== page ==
The Death of an Officer
After shepherding six adults and an infant to safety in the attic of his house on Staten Island last night, an off-duty New York City police officer, Artur Kasprzak, went downstairs to check on the basement. He did not come back up.
Here is the Police Department’s statement, unedited:
During the tumult of Hurricane Sandy last night, off-duty Police Officer Artur Kasprzak, 28, got to work shepherding his family to relative safety inside his home on Doty Avenue, in the confines of the 122 Precinct.
By about 7 p.m., with flood water surging into his house, Officer Kasprzak was able to get six adults (M/69, F/68, F/56, M/31, F/31, F/30) and a 15-month-old male infant upstairs and into his attic to escape the rapidly rising water.
Officer Kasprzak then turned to one of the women and told her he was going to check the basement but would be right back.
At 7:23 p.m., the female called 911 and reported Officer Kasprzak missing.
NYPD personnel from the Emergency Service and SCUBA units immediately responded to the residence using Zodiac boats and Jet Skis, but could not access the home due to down, electrified power lines in the water.
After deeming the house safe to enter, a search commenced. By about 7 a.m., Officer Kasprzak’s body was located, unconscious and unresponsive, in the basement. EMS was on scene and pronounced him DOA.
The Medical Examiner’s Office will determine the cause of death. Officer Kasprzak was assigned to the 1st Precinct in Manhattan and had six years on the job. Previously, he served the city for one year as an NYPD Cadet, and was assigned to the 122 Pct. Detective Squad.
By of The Rental Standard
Scammers today are getting more sophisticated, thanks to online listings and social media accounts which make your information available the world over. It’s easy to hear about the landlord who fell victim to an elaborate scam by a Nigerian prince and dismiss it as an “it can never happen to me” type of situation, but ask yourself: would you be able to detect a scam if it were in your inbox? Scammers are becoming smarter these days, doing away with the prince and strange email addresses. Keep your business safe by being familiar with the signs of a scam.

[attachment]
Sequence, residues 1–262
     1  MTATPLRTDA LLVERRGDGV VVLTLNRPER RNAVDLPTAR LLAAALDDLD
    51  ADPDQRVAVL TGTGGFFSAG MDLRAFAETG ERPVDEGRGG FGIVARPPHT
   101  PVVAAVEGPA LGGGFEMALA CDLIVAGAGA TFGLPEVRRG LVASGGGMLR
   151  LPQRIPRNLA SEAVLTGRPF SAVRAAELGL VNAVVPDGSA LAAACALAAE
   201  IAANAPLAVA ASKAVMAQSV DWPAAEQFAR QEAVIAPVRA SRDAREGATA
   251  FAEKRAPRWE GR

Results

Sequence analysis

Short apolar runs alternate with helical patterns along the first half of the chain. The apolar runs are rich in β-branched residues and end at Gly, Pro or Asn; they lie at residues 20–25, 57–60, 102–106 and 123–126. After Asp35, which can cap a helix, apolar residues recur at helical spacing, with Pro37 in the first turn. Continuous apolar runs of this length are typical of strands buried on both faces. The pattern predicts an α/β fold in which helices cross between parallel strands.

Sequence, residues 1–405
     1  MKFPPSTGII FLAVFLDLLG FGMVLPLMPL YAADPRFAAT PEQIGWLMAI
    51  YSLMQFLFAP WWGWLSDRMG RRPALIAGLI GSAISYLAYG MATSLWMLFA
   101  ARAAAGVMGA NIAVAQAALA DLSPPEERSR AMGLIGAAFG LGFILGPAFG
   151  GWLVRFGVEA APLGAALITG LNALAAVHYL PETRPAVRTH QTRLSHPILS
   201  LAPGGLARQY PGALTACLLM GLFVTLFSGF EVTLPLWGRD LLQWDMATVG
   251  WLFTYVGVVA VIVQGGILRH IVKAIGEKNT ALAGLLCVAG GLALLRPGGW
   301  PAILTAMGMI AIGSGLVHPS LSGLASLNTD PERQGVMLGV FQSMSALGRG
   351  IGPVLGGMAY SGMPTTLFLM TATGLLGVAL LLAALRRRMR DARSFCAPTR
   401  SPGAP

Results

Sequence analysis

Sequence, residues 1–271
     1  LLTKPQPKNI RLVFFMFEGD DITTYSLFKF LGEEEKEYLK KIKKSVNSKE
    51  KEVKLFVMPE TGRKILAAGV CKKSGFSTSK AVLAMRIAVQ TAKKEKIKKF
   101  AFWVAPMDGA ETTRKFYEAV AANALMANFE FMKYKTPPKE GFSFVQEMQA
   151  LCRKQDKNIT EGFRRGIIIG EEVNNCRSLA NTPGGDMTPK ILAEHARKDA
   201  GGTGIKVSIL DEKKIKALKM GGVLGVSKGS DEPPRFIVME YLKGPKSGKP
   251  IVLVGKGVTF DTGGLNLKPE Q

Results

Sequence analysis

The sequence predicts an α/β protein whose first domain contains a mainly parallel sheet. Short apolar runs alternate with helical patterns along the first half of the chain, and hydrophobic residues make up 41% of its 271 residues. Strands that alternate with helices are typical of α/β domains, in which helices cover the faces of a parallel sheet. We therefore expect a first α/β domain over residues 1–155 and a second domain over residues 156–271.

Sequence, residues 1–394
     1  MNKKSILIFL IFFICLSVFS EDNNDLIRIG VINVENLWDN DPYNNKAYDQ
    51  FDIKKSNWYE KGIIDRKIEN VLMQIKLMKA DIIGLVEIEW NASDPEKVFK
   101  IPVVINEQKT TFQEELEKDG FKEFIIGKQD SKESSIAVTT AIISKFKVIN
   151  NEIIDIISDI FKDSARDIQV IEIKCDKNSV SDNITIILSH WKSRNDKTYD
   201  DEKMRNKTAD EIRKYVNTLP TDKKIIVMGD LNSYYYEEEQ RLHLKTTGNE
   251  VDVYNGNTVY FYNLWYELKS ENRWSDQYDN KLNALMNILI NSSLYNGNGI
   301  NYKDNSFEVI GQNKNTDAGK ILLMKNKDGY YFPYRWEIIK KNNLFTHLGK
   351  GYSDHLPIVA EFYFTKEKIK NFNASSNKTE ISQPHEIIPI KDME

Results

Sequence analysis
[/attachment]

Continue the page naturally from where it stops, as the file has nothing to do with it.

The sender is a foreign national moving to the U.S. for work. The person may claim to be from England, Nigeria, Canada, Brazil, etc., and say they’re relocating for school or work. Just because the renter is international doesn’t mean you shouldn’t rent to them, but be extra-careful in these situations because it’s more difficult to obtain a credit or background check.
They don’t want to meet with you. Most legitimate renters will be concerned about the property itself: asking about its safety, floor plan, proximity to the city center, and so on. Prospective tenants will want to meet with you for a property showing and ask questions about the lease. A red flag for a scammer is when none of these items are a concern. If the person avoids phone conversations and in-person meetings, they might be hiding something.
They can send you the check ASAP. Most renters are careful about sending payment to someone they haven’t met for a unit they’ve never seen. A scammer may offer to send you a check through the mail, to be deposited at a bank of their choice. Be suspicious if they’re insistent on you depositing the check at a specific bank, they offer to pay more than asking rent, or if they request your personal account information.
They refuse to give you personal information. When a prospective renter contacts you about a vacancy, it’s logical to ask for a phone number and contact information. In the case of foreign renters, be safe by asking for copies of their visa or employer contracts. When a renter refuses to send you any documentation, or makes excuses for why they can’t, be cautious about moving forward with the application process.
Having a screening policy in place will protect you from and deter rental scams. If you state that background checks and credit reports are a requirement for the qualification process, scammers will be more likely to move on to listings that do not state these as a prerequisite to rent. Always complete a background check to confirm a renter’s identity.
This is a common concern which can be answered by utilizing this helpful calculator provided by the NY Times; http://www.nytimes.com/interactive/business/buy-rent-calculator.html?ref=realestate
This article regarding violence in Staten Island schools appeared in the Staten Island Advance Sunday September 9th 2012;
People who live in the Wagner Houses in East Harlem need to turn this subhuman in asap!
Dog Brutally Kicked In Elevator Now In Hands Of Animal Care & Control. 28-year-old Bronx resident Brian Freeman was arrested and charged